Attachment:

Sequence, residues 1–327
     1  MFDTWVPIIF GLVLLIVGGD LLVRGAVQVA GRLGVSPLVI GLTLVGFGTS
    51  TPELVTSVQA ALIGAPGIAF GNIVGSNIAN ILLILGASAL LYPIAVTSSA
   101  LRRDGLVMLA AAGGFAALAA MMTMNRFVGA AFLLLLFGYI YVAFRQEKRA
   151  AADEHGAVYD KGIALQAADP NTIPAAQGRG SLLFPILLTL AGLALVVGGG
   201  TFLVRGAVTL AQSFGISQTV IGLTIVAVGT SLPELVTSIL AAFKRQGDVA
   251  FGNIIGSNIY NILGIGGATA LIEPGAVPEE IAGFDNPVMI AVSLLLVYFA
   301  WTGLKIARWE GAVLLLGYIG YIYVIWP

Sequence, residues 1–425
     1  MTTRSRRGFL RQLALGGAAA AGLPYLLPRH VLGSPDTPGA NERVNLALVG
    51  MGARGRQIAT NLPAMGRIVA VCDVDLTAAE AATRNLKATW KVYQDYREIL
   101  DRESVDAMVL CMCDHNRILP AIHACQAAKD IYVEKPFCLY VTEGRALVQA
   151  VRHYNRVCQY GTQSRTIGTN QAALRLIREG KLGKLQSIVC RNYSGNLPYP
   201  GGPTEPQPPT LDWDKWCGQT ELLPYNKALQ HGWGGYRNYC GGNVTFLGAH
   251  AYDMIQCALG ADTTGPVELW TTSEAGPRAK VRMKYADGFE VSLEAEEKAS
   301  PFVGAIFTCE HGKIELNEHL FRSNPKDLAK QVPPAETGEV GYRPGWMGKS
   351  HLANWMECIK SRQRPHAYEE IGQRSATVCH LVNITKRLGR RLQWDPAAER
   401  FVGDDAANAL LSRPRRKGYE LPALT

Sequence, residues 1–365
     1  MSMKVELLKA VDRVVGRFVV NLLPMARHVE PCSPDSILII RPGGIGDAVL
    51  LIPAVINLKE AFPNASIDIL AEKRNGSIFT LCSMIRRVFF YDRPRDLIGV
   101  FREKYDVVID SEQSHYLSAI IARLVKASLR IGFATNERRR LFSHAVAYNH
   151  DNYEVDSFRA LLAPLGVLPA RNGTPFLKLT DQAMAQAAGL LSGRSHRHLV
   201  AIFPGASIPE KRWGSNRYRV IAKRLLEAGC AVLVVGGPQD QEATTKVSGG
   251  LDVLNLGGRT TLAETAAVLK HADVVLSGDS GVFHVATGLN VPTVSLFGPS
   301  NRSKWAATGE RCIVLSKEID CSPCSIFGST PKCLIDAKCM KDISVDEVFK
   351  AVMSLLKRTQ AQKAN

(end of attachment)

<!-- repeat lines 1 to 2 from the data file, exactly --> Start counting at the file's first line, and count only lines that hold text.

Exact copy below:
Sequence, residues 1–327
     1  MFDTWVPIIF GLVLLIVGGD LLVRGAVQVA GRLGVSPLVI GLTLVGFGTS